David Anthony Neel was born on April 7, 1960 in Vancouver, British Columbia. He is a Canadian multi-media artist from Fort Rupert, British Columbia, known for his ability to work in number of media. He trained as a professional photographer in the United States for several years before returning to Vancouver in 1987. This was a turning point as he soon began working in the style of his father’s people, the Kwakwaka'wakw.
From 1987 to 1989, he apprenticed with Kwakwaka'wakw carvers, Beau Dick and Wayne Alfred. He was following in the footsteps of his late father, Dave Neel Sr. (1937—1961), who was trained by his mother, Ellen Neel (1916—1966), who was trained by her uncle, Mungo Martin (1881—1962) and her grandfather, Charlie James (1875—1938). In this way he was carrying on a long standing family tradition.
In the 1990’s he went on to develop a highly personalized and controversial style of carving, using masks to comment and editorialize contemporary history and society. He came to believe that “tradition is a foundation to build upon, not a set of rules to restrain creativity.” Examples of these masks are the "Mask of International Commerce," which was exhibited in London, England for the Royal Opening of Canada House, and the "Mask of the Injustice System," which was exhibited at the 1999 Venice Biennale. For the Biennale, Neel exhibited his contemporary masks in a site-specific installation and did a performance on the Grand Canal using his 26-foot dugout canoe, the "Walas-Kwis-Gila" (Travels Great Distances). Following the publication of The Great Canoes in 1995, he carved two canoes; a 26-foot and 32-foot, which were used on a number of canoe journeys.
Also in the 1990s Neel produced a number of limited edition prints, some of traditional Kwakwaka'wakw subjects and others of dealing with contemporary history, much like the masks. The best known of these is Life on the 18th Hole, which portrays a Mohawk warrior from the 1990 Oka Crisis in Quebec, Canada.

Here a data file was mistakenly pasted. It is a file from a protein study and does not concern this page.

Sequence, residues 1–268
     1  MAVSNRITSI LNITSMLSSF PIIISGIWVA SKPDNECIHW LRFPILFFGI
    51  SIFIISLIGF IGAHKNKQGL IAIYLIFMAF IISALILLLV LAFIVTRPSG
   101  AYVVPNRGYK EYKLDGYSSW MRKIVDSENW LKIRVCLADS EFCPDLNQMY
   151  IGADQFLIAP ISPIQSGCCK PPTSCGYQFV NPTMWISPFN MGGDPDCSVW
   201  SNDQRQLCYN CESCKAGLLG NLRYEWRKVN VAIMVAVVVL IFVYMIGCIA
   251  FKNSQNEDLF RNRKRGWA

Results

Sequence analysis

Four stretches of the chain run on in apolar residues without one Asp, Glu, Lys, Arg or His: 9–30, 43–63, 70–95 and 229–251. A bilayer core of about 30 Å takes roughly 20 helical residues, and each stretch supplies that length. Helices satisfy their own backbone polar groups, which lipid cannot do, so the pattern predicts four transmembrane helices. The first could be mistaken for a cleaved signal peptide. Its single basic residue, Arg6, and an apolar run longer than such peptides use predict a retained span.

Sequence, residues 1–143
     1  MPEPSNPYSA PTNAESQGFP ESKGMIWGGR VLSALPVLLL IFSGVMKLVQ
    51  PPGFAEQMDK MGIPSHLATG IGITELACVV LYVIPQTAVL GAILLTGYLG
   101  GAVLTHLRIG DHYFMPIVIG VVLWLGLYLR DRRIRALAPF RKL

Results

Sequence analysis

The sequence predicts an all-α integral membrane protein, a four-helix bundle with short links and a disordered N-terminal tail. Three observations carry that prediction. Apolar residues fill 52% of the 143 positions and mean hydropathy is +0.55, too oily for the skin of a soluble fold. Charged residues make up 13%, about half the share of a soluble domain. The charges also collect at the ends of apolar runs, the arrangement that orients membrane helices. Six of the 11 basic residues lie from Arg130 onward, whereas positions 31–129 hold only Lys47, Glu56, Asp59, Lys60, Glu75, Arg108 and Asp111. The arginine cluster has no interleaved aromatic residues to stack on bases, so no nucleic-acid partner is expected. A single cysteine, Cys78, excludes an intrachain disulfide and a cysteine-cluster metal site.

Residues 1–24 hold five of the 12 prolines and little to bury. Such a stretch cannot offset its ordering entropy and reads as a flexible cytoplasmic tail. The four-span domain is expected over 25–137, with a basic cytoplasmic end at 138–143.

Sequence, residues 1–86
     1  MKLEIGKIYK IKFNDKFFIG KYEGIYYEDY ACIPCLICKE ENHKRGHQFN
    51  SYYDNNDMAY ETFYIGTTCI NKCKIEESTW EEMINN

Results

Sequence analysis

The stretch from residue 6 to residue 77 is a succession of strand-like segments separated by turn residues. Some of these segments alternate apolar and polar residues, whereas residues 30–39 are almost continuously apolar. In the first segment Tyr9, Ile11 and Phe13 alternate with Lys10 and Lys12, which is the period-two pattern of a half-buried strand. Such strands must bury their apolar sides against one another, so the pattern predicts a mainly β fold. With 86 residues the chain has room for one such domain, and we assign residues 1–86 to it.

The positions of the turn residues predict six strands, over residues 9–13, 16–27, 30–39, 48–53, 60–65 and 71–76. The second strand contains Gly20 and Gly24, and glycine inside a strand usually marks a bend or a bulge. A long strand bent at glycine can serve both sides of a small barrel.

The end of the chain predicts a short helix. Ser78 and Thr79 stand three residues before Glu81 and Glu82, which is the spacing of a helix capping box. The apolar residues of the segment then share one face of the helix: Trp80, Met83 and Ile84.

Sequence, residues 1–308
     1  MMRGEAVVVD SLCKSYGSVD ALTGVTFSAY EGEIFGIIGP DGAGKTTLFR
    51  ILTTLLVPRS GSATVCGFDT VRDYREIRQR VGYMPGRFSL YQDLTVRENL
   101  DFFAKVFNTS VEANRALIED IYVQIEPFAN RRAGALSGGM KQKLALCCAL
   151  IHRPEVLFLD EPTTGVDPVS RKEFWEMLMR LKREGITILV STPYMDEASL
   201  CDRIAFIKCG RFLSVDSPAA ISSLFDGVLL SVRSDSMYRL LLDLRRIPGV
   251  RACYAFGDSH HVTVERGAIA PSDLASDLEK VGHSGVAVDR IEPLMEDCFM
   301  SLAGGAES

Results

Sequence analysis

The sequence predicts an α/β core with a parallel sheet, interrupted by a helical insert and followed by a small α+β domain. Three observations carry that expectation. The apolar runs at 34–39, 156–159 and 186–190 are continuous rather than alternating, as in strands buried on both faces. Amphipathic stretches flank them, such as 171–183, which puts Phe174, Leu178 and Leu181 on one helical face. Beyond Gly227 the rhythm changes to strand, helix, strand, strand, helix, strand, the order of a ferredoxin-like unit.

His original media, photography, resulted in two books about Native culture: Our Chiefs and Elders in 1992 and The Great Canoes in 1995. Like the prints and masks, these also dealt with contemporary Native history. He continued to work as a professional photographer, specializing in contemporary Native people. Major commissions include a series of portraits for the National Museum of the American Indian, New York, New York in 1992, and a permanent installation of his portraits in the Mashantucket Pequot Museum, Groton, Connecticut (2001-2008).
In 1991 he began hand engraving jewelry in the Kwakwaka'wakw style, working in silver, gold and platinum. From 1998 to 2000 he did a series of elaborate gold and silver boxes, inspired by traditional bentwood cedar chests. He continues to work in jewelry, working primarily with gold and diamonds.
His work came full circle in 2000 when he began painting on canvas, the media of choice of his late father. The paintings, oil and acrylic paint on canvas, originally dealt with traditional legends in a highly personalized style. Following this series he evolved into abstractions and later stylized depictions of masks from museum collections. Neel continues to be an active artist, working primarily in jewelry and painting.
In both 1987 and 1988, Neel earned the Mungo Martin Memorial Award. In 1991 Canada Council Explorations provided him with a grant for his Contemporary Mask Series. The Smithsonian Institution awarded him a Community Scholar Grant in 1992.